39. 39. On the shoulders of giants …• Jackson for JSON SerDe for metadata• Typesafe HOCON for configuration and module management• Netty4 as core RPC engine, protobuf for communication• Vanilla Java, Larray and Netty ByteBuf for off-heap large data structures• Hazelcast for distributed cache• Netflix Curator on top of Zookeeper for service registry• Optiq for SQL parsing and cost optimization• Parquet (http://parquet.io) as native columnar format• Janino for expression compilation• ASM for ByteCode manipulation• Yammer Metrics for metrics• Guava extensively• Carrot HPC for primitive collections
    40. 40. Key features• Full SQL – ANSI SQL 2003• Nested Data as first class citizen• Optional Schema• Extensibility Points …
    41. 41. Extensibility Points• Source query  parser API• Custom operators, UDF  logical plan• Serving tree, CF, topology  physical plan/optimizer• Data sources &formats  scanner APISourceQuery ParserLogicalPlan OptimizerPhysicalPlan Execution
    42. 42. … and Hadoop?• How is it different to Hive, Cascading, etc.?• Complementary use cases*• … use Apache Drill– Find record with specified condition– Aggregation under dynamic conditions• … use MapReduce– Data mining with multiple iterations– ETL*)https://cloud.google.com/files/BigQueryTechnicalWP.pdf
    44. 44. Basic Demohttps://cwiki.apache.org/confluence/display/DRILL/Demo+HowTo{"id": "0001","type": "donut",”ppu": 0.55,"batters":{"batter”:[{ "id": "1001", "type": "Regular" },{ "id": "1002", "type": "Chocolate" },…data source: donuts.jsonquery:[ {op:"sequence",do:[{op: "scan",ref: "donuts",source: "local-logs",selection: {data: "activity"}},{op: "filter",expr: "donuts.ppu < 2.00"},…logical plan: simple_plan.jsonresult: out.json{"sales" : 700.0,"typeCount" : 1,"quantity" : 700,"ppu" : 1.0}{"sales" : 109.71,"typeCount" : 2,"quantity" : 159,"ppu" : 0.69}{"sales" : 184.25,"typeCount" : 2,"quantity" : 335,"ppu" : 0.55}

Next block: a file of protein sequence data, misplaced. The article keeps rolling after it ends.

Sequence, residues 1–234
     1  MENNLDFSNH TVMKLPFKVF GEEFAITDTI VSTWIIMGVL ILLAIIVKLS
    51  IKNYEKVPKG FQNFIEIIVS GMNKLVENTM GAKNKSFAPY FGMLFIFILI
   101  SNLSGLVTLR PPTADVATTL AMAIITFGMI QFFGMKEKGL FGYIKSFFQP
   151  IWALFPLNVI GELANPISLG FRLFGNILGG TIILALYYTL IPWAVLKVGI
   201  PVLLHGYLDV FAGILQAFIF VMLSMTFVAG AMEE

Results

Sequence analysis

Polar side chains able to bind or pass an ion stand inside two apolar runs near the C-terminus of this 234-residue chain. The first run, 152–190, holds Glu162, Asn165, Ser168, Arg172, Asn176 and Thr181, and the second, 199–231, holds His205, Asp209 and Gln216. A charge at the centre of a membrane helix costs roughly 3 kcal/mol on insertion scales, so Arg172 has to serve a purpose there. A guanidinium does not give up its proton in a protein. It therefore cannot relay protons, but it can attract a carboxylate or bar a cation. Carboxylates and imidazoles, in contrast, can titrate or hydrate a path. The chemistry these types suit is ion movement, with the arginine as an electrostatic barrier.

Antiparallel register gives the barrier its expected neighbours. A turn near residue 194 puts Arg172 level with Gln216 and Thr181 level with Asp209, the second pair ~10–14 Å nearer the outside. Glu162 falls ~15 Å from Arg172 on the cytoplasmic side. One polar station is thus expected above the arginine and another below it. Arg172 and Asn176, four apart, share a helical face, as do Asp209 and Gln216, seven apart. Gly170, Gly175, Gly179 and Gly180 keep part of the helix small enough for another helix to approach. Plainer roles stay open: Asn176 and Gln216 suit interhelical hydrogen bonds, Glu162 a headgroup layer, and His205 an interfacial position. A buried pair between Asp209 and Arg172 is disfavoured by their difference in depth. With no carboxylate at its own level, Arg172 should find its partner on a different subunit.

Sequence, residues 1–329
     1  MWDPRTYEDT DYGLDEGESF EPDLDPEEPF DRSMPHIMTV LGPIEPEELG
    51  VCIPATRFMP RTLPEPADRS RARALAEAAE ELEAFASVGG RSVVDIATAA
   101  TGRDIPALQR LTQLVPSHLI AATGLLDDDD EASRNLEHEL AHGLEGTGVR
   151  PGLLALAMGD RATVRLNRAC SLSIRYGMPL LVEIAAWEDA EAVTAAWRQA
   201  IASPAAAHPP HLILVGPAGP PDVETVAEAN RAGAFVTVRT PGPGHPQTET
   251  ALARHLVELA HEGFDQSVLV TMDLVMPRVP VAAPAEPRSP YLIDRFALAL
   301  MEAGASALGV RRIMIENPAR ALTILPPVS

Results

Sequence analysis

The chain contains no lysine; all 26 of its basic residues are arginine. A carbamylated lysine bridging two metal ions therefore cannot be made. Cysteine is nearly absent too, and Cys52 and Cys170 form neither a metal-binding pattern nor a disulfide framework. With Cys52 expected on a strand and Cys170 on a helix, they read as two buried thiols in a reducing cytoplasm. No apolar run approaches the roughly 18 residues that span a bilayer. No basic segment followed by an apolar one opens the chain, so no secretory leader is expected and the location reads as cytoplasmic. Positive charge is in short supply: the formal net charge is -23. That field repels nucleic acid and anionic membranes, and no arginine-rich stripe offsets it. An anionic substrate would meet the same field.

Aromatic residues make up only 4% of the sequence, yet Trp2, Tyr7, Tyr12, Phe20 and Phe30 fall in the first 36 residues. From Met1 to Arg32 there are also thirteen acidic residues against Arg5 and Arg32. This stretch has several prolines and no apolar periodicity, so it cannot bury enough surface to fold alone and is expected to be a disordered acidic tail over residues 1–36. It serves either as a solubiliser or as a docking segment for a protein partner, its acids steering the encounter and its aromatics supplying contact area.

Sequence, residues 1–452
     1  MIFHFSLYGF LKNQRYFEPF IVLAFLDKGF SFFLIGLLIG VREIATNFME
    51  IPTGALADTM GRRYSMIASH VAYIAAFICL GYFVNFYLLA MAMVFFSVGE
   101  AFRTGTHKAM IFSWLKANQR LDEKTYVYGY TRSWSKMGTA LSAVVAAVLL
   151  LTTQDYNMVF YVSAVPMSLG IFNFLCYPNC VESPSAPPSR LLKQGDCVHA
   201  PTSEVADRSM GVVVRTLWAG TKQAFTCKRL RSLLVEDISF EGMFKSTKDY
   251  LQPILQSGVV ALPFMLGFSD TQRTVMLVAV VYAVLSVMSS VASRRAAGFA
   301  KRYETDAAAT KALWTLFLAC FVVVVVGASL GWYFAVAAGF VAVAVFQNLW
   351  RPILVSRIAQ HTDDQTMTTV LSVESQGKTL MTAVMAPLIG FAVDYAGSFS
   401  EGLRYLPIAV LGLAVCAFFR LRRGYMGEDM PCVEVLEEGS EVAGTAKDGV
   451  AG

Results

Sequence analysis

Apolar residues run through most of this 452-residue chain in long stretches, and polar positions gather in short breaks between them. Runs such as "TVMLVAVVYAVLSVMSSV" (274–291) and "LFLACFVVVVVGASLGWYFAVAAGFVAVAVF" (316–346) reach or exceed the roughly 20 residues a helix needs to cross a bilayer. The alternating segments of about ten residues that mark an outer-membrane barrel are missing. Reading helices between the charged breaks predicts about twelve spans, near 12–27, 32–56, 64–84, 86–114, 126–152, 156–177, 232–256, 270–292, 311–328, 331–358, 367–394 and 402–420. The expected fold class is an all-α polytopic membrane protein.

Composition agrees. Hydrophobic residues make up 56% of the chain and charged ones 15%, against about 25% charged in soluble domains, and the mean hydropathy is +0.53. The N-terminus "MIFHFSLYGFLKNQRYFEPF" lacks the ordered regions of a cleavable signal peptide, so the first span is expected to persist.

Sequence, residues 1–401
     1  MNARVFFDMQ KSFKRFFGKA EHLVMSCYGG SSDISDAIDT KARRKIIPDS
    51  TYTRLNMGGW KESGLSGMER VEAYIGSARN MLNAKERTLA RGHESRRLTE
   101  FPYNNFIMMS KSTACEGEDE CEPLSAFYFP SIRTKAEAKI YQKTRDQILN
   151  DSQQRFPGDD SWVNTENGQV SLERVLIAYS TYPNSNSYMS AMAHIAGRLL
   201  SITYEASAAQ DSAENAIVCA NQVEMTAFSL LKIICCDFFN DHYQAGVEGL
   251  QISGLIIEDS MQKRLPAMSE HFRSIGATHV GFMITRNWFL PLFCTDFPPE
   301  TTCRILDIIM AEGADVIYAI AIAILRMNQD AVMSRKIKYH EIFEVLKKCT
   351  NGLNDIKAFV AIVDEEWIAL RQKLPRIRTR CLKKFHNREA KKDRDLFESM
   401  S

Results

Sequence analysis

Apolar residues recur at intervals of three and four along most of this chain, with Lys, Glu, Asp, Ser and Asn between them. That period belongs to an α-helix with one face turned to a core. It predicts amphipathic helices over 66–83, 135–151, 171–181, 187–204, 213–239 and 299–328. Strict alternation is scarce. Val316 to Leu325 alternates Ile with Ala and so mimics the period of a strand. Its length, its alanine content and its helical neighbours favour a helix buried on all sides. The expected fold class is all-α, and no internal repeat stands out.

45. 45. SELECTt.cf1.name as name,SUM(t.cf1.sales) as total_salesFROM m7://cluster1/sales tGROUP BY nameORDER BY by total_sales desc
    46. 46. sequence: [{ op: scan, storageengine: m7,selection: {table: sales}}{ op: project, projections: [{ref: name, expr: cf1.name},{ref: sales, expr: cf1.sales}]}{ op: segment, ref: by_name, exprs: [name]}{ op: collapsingaggregate, target: by_name,carryovers: [name],aggregations: [{ref: total_sales, expr:sum(name)}]}{ op: order, ordering: [{order: desc, expr:total_sales}]}{ op: store, storageengine: screen}]
    47. 47. {@id: 1, pop: m7scan, cluster: def,table: sales, cols: [cf1.name, cf2.name]}{@id: 2, op: hash-random-exchange,input: 1, expr: 1}{@id: 3, op: sorting-hash-aggregate, input: 2,grouping: 1, aggr:[sum(2)], carry: [1], sort:~agrr[0]}{@id: 4, op: screen, input: 4}
    48. 48. Execution Plan• Break physical plan into fragments• Determine quantity of parallelization for eachtask based on estimated costs• Assign particular nodes based on affinity, loadand topology
    49. 49. BE A PART OF IT!
    50. 50. Status• Heavy development by multiple organizations• Available– Logical plan (ADSP)– Reference interpreter– Basic SQL parser– Basic demo
    51. 51. StatusJune 2013• Full SQL support (+JDBC)• Physical plan• In-memory compressed data interfaces• Distributed execution
    52. 52. StatusJune 2013• HBase and MySQL storage engine• User Interfaces
    53. 53. User Interfaces
    54. 54. User Interfaces• API—DrillClient– Encapsulates endpoint discovery– Supports logical and physical plan submission,query cancellation, query status– Supports streaming return results• JDBC driver, converting JDBC into DrillClientcommunication.• REST proxy for DrillClient
    55. 55. User Interfaces
    56. 56. ContributingContributions appreciated (not only code drops) …• Test data & test queries• Use case scenarios (textual/SQL queries)• Documentation• Further schedule– Alpha Q2– Beta Q3
    57. 57. Kudos to …• Julian Hyde, Pentaho• Lisen Mu, XingCloud• Tim Chen, Microsoft• Chris Merrick, RJMetrics• David Alves, UT Austin• Sree Vaadi, SSS• Jacques Nadeau, MapR• Ted Dunning, MapR
    58. 58. Engage!• Follow @ApacheDrill on Twitter• Sign up at mailing lists (user | dev)http://incubator.apache.org/drill/mailing-lists.html• Standing G+ hangouts every Tuesday at 18:00 CEThttp://j.mp/apache-drill-hangouts• Keep an eye on http://drill-user.org/